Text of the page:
Potential for low-cost carbon dioxide removal through tropical reforestation

View Researcher's Other Codes

Disclaimer: The provided code links for this paper are external links. Science Nest has no responsibility for the accuracy, legality or content of these links. Also, by downloading this code(s), you agree to comply with the terms of use as set out by the author(s) of the code(s).

Authors Jonah Busch, Jens Engelmann, +4 authors Priya Shyamsundar
Journal/Conference Name Nature Climate Change
Paper Category
Paper Abstract Achieving the 1.5–2.0 °C temperature targets of the Paris climate agreement requires not only reducing emissions of greenhouse gases (GHGs) but also increasing removals of GHGs from the atmosphere1,2. Reforestation is a potentially large-scale method for removing CO2 and storing it in the biomass and soils of ecosystems3–8, yet its cost per tonne remains uncertain6,9. Here, we produce spatially disaggregated marginal abatement cost curves for tropical reforestation by simulating the effects of payments for increased CO2 removals on land-cover change in 90 countries. We estimate that removals from tropical reforestation between 2020–2050 could be increased by 5.7 GtCO2 (5.6%) at a carbon price of US $20 CO2–1, or by 15.1 GtCO2 (14.8%) at US$50 tCO2–1. Ten countries comprise 55% of potential low-cost abatement from tropical reforestation. Avoided deforestation offers 7.2–9.6 times as much potential low-cost abatement as reforestation overall (55.1 GtCO2 at US$20 tCO2–1 or 108.3 GtCO2 at US$50 tCO2–1), but reforestation offers more potential low-cost abatement than avoided deforestation at US$20 tCO2–1 in 21 countries, 17 of which are in Africa.There is a growing need to find cost-effective options for greenhouse gas abatement. In this study, spatially disaggregated marginal abatement cost curves are developed to facilitate economic appraisal of tropical reforestation.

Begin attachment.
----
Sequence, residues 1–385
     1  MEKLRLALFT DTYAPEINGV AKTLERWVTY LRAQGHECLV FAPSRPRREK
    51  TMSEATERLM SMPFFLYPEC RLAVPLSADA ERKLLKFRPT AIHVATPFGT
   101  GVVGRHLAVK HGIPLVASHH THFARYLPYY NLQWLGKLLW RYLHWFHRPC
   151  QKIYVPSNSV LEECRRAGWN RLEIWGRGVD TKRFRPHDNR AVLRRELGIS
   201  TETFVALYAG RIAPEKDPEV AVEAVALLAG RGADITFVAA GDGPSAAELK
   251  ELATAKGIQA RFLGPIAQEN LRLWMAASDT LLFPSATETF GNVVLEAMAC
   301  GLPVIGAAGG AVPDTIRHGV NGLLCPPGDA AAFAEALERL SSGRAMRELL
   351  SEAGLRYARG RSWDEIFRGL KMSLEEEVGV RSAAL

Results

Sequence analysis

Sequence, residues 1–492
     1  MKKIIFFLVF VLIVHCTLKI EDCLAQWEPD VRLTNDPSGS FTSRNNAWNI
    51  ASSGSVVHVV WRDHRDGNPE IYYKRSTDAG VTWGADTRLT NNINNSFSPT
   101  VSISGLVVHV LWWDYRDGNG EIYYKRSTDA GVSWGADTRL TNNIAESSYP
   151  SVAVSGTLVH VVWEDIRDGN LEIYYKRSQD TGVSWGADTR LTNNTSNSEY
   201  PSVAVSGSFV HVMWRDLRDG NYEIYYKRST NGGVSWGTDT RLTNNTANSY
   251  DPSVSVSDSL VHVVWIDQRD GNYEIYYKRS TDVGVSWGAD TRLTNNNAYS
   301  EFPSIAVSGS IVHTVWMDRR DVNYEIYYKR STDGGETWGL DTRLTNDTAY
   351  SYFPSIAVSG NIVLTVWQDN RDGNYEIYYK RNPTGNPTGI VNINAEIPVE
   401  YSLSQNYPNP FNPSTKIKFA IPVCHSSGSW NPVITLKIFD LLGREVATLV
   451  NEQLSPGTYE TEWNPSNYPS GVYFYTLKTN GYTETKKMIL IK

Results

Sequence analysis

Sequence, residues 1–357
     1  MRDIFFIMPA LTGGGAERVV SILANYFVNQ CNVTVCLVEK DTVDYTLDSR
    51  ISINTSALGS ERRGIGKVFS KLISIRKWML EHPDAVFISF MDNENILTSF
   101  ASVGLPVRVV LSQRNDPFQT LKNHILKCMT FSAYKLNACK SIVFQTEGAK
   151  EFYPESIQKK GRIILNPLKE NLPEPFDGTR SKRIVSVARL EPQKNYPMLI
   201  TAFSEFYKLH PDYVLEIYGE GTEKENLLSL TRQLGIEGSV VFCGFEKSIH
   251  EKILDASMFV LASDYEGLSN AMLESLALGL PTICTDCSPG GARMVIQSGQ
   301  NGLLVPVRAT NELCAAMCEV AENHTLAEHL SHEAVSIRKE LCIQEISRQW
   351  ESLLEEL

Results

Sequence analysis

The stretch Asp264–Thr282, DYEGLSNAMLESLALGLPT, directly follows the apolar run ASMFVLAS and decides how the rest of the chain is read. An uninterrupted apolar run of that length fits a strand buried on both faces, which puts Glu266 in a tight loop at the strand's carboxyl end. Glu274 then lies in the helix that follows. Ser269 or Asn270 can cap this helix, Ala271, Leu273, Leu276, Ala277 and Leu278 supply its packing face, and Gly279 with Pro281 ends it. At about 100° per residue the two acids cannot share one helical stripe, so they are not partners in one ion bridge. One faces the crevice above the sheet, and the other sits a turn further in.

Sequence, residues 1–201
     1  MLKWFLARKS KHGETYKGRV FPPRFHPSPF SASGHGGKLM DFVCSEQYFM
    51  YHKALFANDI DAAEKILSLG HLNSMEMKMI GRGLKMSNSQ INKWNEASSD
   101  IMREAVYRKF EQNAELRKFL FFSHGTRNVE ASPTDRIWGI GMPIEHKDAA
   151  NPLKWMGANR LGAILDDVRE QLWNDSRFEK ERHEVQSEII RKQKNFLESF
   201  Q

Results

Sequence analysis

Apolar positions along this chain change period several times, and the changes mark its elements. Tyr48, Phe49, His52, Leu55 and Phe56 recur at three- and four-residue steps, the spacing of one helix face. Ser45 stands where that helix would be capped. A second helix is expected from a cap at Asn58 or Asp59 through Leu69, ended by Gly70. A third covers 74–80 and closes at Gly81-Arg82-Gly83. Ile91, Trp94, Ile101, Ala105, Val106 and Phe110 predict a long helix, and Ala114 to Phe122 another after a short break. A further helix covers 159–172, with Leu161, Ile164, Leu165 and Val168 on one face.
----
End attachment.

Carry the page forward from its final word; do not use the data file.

Date of publication 2019
Code Programming Language R

Copyright Researcher 2022